OSBCU president Laura Walton elevated to head Ontario Federation of Labour after sabotaging 2022 education workers’ strike

Laura Walton—the head of the Canadian Union of Public Employees (CUPE)-affiliated Ontario School Board Council of Unions—was elected president of the Ontario Federation of Labour (OFL) by acclamation at the union federation’s biennial convention in Toronto last week. The OFL is the largest provincial labour federation in Canada, with 54 affiliated unions with a combined total of over 1 million members.

Canadian Labour Congress President Bea Bruske (left) with Ontario Federation of Labour President Laura Walton (right) [Photo: @PresidentCLC]

The OFL bureaucracy rolled out the red carpet for Walton. Reelected alongside her to the post of secretary-treasurer was Ahmad Gaied, a former local UFCW official who has held the OFL’s second-most senior position since 2019. USW District 6 education coordinator Jackie Taylor will take over from Janice Folk-Dawson as OFL executive vice president.

The three had joined together to run as “Team Ignite,” just days after outgoing OFL President Patty Coates announced that she would not be standing for reelection. In their campaign literature, the three claimed Team Ignite would “challenge corporate greed” and “rebalance the scales in favour of workers instead of CEOs.” 

Walton has been rewarded with her new position at the head of the OFL bureaucracy—and the six-figure salary and other perks that come with it—after proving her bonafides by shutting down last year’s strike of Ontario education support workers. In so doing, she made an important contribution to the union bureaucracy’s suppression of a building general strike movement that threatened to bring down the province’s hard-right, Doug Ford-led Tory government.

Walton is among a new crop of top union executives who have been touted as representing a breath of fresh, more militant air, including J.P. Hornick at the Ontario Public Service Employees Union and Lana Payne at Unifor. 

This is all so much hogwash. Walton, Hornick, Payne, et al. have been elevated to top posts in the union hierarchy because they are tried and trusted bureaucrats who have faithfully served a union apparatus that for decades has suppressed the class struggle, imposed rollbacks and stymied workers’ strivings for improved living standards.

If the likes of Walton and Hornick are now rising to the top of major union bodies, it is precisely because important sections of the bureaucracy and their allies within the ruling elite calculate that their phony “left” and “militant” posturing will make them better able to contain and smother the growing working class struggle.

With worker struggles increasingly taking the form of a rebellion against the pro-capitalist union apparatuses, the bureaucracy feels the need for increased political cover in the form of ostensibly more “left-wing” leaders to prevent a complete breakdown of its authority.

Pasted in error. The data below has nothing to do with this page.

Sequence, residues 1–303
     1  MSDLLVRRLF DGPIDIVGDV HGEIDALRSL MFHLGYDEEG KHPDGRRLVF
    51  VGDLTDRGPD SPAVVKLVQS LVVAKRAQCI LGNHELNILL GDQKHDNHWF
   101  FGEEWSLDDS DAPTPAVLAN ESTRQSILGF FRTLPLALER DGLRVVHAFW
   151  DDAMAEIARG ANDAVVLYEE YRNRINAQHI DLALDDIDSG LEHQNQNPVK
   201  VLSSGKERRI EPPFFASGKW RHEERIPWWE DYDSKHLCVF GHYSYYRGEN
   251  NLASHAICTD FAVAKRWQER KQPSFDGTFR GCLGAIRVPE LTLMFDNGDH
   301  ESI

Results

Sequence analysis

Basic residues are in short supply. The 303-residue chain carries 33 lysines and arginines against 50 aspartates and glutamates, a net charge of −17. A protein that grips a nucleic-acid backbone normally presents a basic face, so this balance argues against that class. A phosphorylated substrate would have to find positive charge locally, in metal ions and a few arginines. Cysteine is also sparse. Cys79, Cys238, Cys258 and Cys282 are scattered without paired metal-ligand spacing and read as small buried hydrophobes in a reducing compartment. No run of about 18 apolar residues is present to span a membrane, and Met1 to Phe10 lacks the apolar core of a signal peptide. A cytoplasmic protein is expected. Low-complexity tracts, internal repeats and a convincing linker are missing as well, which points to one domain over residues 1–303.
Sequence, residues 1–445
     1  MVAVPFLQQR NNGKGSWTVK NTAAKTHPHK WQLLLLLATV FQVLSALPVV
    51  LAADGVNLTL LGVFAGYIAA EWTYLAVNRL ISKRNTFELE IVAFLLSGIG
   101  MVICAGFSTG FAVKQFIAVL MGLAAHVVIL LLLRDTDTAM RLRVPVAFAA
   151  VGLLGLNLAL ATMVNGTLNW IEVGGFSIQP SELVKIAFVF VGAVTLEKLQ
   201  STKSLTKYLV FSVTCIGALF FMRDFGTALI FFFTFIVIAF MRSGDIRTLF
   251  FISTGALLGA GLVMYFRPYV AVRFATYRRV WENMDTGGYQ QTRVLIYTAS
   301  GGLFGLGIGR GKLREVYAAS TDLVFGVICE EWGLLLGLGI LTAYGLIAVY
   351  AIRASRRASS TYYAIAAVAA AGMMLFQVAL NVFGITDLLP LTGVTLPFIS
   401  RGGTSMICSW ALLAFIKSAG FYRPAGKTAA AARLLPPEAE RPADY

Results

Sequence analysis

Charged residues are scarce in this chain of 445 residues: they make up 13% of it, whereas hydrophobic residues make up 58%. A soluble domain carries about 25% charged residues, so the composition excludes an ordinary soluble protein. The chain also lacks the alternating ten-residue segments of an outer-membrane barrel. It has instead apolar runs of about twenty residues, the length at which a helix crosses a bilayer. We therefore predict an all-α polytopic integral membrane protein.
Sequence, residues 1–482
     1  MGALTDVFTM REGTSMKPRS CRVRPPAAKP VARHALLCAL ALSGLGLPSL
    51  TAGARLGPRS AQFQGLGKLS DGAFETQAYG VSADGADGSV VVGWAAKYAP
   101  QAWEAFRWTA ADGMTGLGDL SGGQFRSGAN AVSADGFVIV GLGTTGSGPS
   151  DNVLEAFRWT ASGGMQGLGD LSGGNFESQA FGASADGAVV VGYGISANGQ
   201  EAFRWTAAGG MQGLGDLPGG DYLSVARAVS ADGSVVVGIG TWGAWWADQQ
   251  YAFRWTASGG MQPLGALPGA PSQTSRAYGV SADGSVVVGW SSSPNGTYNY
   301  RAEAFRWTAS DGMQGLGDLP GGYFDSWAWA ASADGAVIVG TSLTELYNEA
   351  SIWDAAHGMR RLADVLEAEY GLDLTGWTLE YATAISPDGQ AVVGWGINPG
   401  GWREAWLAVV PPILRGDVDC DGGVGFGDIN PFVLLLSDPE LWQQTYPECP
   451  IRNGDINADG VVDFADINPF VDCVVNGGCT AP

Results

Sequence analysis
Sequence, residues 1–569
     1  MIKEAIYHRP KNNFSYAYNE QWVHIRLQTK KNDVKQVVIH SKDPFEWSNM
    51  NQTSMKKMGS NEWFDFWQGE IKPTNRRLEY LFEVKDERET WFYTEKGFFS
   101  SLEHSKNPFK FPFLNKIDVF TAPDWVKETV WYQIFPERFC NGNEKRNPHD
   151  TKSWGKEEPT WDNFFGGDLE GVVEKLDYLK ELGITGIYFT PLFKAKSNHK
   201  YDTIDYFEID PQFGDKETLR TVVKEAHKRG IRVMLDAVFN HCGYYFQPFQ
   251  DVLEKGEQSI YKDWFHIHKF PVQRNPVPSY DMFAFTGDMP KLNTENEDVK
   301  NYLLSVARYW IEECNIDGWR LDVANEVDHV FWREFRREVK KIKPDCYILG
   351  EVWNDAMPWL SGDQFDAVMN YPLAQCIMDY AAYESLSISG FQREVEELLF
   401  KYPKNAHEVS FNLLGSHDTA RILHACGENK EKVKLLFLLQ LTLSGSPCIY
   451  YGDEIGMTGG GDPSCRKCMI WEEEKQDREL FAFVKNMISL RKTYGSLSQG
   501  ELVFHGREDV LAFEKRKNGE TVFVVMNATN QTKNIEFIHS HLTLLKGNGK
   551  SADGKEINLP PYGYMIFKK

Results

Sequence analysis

The 2022 Ontario education support workers’ strike

The high point to date of the incipient rank-and-file rebellion was the strike by the 55,000 education support workers represented by the Ontario School Board Council of Unions (OSBCU) in November 2022. On the basis of a 96.5 percent strike authorization, workers pressed forward with a walkout despite the illegalization of their strike by Ford, Ontario’s widely hated premier, and Education Minister Stephen Lecce. 

Through the Keeping Students in Class Act (Bill 28), Ford’s government pre-emptively criminalized the education workers’ strike and sought to impose massive real-term wage cuts and other concessions. This flagrant attack on democratic rights was enforced by invoking the authoritarian “notwithstanding clause,” which allows governments to pass legislation that violates rights supposedly guaranteed in the Canadian constitution’s Charter of Rights and Freedoms.

The Ontario education workers' strike, which at its height threatened to unleash a province-wide general strike, marked a new stage in working class opposition to capitalist austerity and wage-cutting. Above, strikers and their supporters rallying outside the Ontario Legislature, November 4, 2022.

In the face of the threat of $4,000-a-day fines, education workers walked out on Friday, November 4, 2022. However, Walton, seeking to ensure that the strike remained isolated, ordered them to set up pickets outside Tory MPPs’ offices, rather than appealing for support from other education workers and workers more broadly by picketing schools.

Nevertheless, the education workers’ defiant stand galvanized mass support, quickly revealing that the supposedly popular, recently reelected Ford government was weak and isolated. Thousands turned out to hastily organized protests across the province and millions of workers across the country rallied to their cause. Under these conditions, workers began to raise the demand for a general strike, to defeat Bill 28 and bring down the Ford government, on social media and at protests. Underscoring the immense potential that existed for a worker-led counteroffensive against austerity and real wage cuts, one poll showed that 48 percent of Ontarians backed sympathy strikes.

If such a movement did not develop, it was because the union bureaucracy, with the support of the union-sponsored NDP, strangled it. The teacher unions scandalously ordered their members to cross the education support workers’ picket lines. Walton and union bureaucrats from virtually every major union in Canada, including the Canadian Labour Congress, the building trades and Unifor, came together over the weekend to throw Ford a lifeline. They promised to immediately call off the education workers’ strike without achieving any of the workers’ demands in return for a pledge from Ford to repeal Bill 28. Shortly after Ford held a press conference on the morning of Monday, Nov. 7, at which he announced that Bill 28 would be repealed, Walton, working in cahoots with CUPE President Mark Hancock, ordered the education workers to immediately take down their picket lines and return to work without any vote, let alone a tentative contract. 

The Ontario Education Workers Rank-and-File Committee, formed in advance of the strike, issued a statement on November 7 calling for workers to defy Walton’s return to work order and to stop the unions from “snatch(ing) defeat from the ‘jaws of victory’,” even as Ford had been forced onto his back foot and calls for a general strike were growing.